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The Charter project is an assemblage of over 100 scientists and knowledge holders

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Work Packages

The project work is carried out by 7 different groups organised into 'work packages'.

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Welcome to the CHARTER research project web page. Here you will find out what this project is about, the research institutions involved and who the people and communities doing the work are. The name CHARTER is derived from the research project title: Drivers and Feedbacks of Changes in Arctic Terrestrial Biodiversity.

CHARTER involves 21 research institutions across 9 countries. See the full list on our Partners page. The 4 year, 5.9M Euro project is managed by the Arctic Centre at the University of Lapland, Finland and is funded by the EU Horizon 2020 Research and Innovations Programme (Grant #869471). The Project Leader is Prof. Bruce Forbes, and projects contacts can be found here.

CHARTER is an ambitious effort to advance the adaptive capacity of Arctic communities to climatic and biodiversity changes through state-of-the-art synthesis based on thorough data collection, analysis and modelling of Arctic change with major socio-economic implications and feedbacks.

To achieve this goal, we will combine expertise from Earth System sciences and biodiversity studies within a social-ecological system (SES) framework and with a strong participatory approach. Strategies co-developed in CHARTER with indigenous and local communities will comprise synergies between their ambitions for adaptation actions with novel forms of land management geared towards climate change mitigation and sustainable development.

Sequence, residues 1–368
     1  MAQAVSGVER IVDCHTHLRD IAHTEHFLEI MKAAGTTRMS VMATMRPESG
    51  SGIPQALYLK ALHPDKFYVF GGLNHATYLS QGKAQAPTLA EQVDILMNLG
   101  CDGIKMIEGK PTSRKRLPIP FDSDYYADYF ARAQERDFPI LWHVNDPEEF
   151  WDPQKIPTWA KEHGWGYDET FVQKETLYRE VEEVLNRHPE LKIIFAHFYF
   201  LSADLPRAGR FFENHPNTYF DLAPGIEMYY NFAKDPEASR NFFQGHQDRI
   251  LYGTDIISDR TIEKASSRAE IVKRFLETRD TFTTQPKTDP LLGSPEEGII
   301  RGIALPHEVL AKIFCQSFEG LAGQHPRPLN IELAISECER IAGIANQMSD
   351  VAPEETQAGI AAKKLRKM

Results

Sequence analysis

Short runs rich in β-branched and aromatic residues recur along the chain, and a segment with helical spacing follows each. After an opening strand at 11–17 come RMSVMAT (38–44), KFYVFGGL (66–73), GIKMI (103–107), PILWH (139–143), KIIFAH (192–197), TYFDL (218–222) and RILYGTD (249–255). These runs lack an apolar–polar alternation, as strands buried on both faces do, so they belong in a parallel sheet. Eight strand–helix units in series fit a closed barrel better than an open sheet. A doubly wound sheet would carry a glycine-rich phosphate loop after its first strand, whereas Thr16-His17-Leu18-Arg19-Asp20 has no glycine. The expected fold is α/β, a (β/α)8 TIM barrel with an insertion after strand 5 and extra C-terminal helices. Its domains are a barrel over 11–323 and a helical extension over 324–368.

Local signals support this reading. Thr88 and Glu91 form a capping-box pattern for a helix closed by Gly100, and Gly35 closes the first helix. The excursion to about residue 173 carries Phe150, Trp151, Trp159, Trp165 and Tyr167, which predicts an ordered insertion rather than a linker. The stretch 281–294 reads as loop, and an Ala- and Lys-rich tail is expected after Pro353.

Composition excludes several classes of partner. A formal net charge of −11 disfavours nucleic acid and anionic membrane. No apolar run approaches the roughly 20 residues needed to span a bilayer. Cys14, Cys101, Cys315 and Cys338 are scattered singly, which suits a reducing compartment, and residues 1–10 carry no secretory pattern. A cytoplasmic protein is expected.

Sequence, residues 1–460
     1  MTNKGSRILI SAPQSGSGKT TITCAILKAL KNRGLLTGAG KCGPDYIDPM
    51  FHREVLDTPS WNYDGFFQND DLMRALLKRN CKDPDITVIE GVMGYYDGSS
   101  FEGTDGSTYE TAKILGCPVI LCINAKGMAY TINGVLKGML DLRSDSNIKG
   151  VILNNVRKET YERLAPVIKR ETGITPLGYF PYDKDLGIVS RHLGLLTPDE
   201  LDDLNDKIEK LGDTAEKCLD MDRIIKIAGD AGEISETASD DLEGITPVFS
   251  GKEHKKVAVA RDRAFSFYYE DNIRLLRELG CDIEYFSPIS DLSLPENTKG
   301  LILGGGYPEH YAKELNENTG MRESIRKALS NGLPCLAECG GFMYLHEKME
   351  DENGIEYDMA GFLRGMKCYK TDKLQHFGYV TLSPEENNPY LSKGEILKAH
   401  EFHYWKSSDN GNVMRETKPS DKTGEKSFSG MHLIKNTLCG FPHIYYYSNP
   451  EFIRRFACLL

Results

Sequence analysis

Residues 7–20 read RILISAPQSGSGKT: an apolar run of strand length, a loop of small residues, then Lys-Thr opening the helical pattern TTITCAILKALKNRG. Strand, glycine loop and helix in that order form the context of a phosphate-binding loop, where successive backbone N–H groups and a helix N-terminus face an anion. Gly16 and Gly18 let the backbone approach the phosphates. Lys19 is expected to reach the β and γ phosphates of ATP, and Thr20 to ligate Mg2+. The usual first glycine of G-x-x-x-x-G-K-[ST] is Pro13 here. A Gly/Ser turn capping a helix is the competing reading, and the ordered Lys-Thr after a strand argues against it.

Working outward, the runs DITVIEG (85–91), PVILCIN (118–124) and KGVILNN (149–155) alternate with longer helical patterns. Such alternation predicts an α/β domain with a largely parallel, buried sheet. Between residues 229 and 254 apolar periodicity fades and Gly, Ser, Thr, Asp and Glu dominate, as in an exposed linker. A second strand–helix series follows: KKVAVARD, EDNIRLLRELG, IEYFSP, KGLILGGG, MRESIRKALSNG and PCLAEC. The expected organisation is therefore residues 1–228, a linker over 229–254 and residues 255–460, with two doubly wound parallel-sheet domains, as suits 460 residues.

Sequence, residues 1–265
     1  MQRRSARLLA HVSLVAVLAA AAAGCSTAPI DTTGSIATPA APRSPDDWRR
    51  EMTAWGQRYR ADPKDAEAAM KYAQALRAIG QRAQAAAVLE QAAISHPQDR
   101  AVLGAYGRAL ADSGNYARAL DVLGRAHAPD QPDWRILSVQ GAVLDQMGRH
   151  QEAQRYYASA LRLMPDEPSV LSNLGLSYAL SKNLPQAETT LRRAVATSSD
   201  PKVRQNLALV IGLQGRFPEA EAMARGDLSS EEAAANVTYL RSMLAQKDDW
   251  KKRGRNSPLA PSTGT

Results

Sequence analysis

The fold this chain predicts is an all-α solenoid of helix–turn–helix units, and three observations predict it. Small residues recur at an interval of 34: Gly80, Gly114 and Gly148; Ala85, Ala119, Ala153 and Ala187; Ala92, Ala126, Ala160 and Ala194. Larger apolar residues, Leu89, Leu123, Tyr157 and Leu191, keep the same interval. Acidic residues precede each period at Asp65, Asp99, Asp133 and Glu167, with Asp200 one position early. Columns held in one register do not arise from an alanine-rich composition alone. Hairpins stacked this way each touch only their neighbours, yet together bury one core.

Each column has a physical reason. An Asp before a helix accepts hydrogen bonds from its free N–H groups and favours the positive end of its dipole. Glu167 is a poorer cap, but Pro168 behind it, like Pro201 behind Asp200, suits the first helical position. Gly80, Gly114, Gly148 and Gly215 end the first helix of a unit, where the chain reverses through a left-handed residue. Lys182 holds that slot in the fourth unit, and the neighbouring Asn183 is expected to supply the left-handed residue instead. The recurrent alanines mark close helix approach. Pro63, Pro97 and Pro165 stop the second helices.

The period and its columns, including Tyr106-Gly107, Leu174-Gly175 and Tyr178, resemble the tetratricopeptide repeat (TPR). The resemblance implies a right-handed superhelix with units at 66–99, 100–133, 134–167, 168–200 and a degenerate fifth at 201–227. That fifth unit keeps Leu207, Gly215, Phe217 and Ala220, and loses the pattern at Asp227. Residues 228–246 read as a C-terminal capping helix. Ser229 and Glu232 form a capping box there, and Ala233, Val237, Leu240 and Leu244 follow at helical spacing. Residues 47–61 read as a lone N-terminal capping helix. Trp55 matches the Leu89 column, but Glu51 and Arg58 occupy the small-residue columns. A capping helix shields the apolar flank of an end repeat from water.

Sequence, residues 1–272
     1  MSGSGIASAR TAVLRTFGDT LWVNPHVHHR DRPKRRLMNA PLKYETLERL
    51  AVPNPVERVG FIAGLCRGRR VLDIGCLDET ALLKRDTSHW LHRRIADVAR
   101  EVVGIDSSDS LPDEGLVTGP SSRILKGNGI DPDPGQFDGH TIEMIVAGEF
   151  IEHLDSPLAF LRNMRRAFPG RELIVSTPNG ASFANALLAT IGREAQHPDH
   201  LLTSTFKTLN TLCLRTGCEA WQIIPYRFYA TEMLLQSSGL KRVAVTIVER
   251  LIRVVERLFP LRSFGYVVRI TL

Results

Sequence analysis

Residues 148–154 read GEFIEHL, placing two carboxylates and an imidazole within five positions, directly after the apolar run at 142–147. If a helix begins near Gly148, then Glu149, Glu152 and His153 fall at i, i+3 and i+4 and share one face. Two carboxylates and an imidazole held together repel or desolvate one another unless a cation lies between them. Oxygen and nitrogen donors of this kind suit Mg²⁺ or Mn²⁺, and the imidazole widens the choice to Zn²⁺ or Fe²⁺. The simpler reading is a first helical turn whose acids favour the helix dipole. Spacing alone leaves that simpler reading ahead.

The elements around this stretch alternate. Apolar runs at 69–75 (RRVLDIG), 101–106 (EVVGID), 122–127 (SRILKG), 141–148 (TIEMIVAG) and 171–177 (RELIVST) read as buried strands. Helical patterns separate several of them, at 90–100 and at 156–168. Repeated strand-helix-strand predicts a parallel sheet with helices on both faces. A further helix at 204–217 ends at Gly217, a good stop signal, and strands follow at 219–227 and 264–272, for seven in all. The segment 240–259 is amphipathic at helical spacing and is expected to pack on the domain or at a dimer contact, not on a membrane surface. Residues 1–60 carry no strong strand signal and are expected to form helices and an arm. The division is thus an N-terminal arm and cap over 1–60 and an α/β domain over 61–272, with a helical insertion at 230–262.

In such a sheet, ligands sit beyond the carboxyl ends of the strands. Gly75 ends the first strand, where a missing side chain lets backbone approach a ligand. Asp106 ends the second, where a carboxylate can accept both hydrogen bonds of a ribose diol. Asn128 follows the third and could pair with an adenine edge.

CHARTER is made up of seven transdisciplinary Work Packages (WPs) to address three central aims:

1) Work with Arctic communities to co-develop strategies and policy pathways for livelihoods such as herding, hunting and fishing, that reflect, and enhance adaptation to, the changing Arctic (WP 1-6).

2) Project, and simulate the effects of social-ecological changes for linked indigenous and local communities and traditional livelihoods, particularly reindeer herding and hunting (WP 3 and 5).

3) Understand the responses of Arctic terrestrial systems to changes in the cryosphere (e.g. permafrost, snow and sea ice cover, and rain-on-snow (ROS) events), biodiversity and their feedbacks and interactions, using observations at decadal (WPs 1 and 4), centennial (WP4) and recent (WP1) time scales.